But wait-there's more! However, I won't list all the dogs and their issues and what I do with them-it just is a puzzle to figure out what works, what works well, and eventually an acceptance of what it is you are dealing with.

With all of them it helps to have a helper dog that is more confident, and to do that whole jollies thing, which sounds totally loony-I embarrass myself yelling helloooo, helllooooooooo to total strangers, and pulling the dogs back from the greeting til they just can't take it anymore and have to go up to someone...

One thing I will not do is flood a dog-I really like the deeply ingrained results of systematic desensitization.

Congrats on all your progress! There is no finish line with dogs!
 

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I agree with the above on flooding. It has not worked for my dog. I believe this is what the previous owners did (unknowingly and unintentionally) and that's part of the reason she is now with us. German Shepherds are too smart, too active (mentally), and too reactive for that!
 

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Let me second (or third or whatever) the advice about reading your dog. As a novice, I found Brenda Aloff's Canine Body Language a wonderful resource. Wolf can tell a story with his mouth without uttering a sound.

If you fixate on your dog like a new love-hanging on every gesture, you'll see under what circumstances he relaxes or tenses You can try something, like a long stroke along the spine-and see what feedback you get. At least with my dear Wolf, there is always feedback. I don't know if it's a GSD thing or not, but really he wants you to understand.

Good luck and let us know how things work out. Mary Jane
 

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We have a very thunderstorm phobic dog. We have found that Bach's Rescue Remedy helps some and Melatonan which can be purchased at any health food store works very well in claiming her down.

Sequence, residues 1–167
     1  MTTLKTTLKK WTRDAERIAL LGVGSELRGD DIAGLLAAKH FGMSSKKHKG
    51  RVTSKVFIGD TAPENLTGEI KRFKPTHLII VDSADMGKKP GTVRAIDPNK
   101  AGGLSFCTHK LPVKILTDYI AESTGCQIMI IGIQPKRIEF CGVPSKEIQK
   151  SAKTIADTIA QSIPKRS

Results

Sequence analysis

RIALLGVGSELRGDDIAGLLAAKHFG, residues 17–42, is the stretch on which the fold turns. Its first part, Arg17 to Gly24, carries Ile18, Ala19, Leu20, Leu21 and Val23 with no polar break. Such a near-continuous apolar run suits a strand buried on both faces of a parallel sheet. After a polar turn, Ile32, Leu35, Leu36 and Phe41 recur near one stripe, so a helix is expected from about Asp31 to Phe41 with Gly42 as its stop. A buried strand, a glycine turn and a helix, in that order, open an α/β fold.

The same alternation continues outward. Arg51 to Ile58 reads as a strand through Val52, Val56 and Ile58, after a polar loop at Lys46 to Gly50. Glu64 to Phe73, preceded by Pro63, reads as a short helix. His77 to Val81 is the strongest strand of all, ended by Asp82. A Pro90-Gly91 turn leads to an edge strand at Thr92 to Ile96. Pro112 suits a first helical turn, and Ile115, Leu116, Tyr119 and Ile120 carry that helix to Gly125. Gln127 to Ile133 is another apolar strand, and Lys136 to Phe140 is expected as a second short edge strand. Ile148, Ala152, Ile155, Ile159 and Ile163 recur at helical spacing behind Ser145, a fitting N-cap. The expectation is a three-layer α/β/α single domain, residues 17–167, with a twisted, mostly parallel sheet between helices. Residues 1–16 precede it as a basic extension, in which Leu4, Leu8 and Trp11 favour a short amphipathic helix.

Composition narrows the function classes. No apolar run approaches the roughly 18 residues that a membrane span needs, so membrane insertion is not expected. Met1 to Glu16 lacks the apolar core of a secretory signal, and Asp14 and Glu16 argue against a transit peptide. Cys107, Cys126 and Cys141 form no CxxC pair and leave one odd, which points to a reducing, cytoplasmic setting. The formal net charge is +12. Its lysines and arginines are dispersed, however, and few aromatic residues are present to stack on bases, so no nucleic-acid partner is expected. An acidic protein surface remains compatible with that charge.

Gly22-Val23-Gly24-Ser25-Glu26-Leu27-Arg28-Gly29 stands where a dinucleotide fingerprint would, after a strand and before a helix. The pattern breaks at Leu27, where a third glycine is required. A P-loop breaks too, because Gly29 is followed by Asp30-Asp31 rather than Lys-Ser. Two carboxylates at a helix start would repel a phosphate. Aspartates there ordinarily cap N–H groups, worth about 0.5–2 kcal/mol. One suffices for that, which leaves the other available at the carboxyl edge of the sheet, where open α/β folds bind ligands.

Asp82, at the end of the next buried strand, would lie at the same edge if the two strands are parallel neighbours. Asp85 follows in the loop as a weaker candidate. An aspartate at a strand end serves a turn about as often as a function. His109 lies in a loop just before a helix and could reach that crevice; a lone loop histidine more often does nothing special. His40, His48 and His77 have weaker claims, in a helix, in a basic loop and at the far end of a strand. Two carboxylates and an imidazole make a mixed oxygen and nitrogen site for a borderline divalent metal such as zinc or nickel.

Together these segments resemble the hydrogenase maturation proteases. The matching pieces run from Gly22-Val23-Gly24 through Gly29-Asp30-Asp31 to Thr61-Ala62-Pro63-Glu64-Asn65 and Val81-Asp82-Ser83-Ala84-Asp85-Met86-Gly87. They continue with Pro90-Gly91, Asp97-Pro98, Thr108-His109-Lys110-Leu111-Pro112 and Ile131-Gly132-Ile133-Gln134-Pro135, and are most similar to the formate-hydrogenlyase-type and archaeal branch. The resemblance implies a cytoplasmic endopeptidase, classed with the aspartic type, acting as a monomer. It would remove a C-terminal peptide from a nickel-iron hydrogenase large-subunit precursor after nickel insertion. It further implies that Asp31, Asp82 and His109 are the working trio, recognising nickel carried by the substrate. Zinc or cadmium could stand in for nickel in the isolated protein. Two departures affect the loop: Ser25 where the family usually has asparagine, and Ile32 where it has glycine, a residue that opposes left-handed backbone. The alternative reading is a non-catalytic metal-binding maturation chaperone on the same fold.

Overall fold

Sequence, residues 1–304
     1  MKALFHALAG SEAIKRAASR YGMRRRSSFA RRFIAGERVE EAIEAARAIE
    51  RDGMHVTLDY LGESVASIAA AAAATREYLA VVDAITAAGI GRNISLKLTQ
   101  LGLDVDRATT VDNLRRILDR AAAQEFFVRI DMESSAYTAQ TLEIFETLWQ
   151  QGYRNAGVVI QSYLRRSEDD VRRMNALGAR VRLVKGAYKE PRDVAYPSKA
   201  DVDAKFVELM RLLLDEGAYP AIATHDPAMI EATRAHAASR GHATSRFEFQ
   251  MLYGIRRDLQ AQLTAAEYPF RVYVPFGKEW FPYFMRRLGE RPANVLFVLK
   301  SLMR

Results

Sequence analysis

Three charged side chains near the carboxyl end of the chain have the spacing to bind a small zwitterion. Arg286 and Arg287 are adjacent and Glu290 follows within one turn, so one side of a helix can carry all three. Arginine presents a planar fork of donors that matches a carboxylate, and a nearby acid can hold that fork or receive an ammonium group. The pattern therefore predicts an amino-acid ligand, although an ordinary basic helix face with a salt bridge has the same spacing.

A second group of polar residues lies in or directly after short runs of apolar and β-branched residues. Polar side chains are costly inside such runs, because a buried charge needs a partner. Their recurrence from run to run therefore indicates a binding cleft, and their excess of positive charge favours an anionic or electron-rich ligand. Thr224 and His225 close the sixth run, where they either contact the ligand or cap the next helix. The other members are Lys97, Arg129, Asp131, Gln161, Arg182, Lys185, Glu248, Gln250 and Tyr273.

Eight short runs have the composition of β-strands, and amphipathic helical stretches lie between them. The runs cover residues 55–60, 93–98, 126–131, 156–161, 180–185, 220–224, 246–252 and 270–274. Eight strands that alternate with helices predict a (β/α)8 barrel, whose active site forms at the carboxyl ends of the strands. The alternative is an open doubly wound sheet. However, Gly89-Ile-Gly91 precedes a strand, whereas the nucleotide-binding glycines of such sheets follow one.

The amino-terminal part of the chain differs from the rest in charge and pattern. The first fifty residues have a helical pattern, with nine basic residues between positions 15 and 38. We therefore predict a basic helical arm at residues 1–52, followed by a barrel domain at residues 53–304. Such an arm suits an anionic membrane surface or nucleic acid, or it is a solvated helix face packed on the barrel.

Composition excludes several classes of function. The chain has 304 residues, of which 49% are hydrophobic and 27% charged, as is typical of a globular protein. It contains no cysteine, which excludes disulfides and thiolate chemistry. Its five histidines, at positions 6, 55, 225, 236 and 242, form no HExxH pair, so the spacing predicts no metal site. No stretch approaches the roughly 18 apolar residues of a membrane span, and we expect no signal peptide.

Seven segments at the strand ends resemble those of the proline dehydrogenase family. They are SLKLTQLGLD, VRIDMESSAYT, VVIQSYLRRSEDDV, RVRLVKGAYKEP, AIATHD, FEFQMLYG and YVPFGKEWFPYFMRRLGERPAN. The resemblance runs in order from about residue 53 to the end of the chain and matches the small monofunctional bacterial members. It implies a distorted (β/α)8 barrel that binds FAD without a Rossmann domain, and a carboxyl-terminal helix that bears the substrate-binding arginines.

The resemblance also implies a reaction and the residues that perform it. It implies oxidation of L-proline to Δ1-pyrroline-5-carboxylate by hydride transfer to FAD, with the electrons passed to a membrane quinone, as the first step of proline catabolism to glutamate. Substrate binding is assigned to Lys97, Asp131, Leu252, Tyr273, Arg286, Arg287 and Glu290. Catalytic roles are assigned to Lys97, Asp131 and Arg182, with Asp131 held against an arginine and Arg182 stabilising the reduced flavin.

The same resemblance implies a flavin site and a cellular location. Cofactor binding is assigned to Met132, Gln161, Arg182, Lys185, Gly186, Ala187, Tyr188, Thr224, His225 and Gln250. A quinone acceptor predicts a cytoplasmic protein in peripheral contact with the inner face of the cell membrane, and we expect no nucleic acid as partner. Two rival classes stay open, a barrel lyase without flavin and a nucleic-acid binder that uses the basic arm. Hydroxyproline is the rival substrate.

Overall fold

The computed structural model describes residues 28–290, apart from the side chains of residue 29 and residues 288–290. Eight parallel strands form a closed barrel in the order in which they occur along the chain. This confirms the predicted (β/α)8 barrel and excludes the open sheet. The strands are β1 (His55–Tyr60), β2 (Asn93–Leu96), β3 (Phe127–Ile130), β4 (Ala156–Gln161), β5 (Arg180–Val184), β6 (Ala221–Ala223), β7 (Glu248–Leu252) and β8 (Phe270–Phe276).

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Discussion Starter #16
I wanted to update this. I realized I never got around to it. I read all of the replies though and wanted to thank every one. We still haven't made it to an obedience class, but that is on the to do list.

I took bits and pieces of advice from every one and tested, tried, reworked, fiddled with, and bent it into something that has been successful for us. She's really come out of her shell, and is more than happy to work for food. Figuring out her food motivation was key.

She is still uneasy about me moving things around in the house. When I clean, she'll pace. So, she gets a stuffed kong and goes into her crate. I don't shut her in there, but just being in it comforts her enough she'll relax. Even with me running the vaccuum by her!

We're not 100% yet, but it's been an awesome transition thus far. It was like finding a key and unlocking something in her. She's really turned into an attentive, gentle, and focused dog. She has great leash manners, listens well to basic commands, and is finding her niche. I foresee a CGC and perhaps a career in obedience in our future.

Like I said, we're still not 100%, but we're working on it.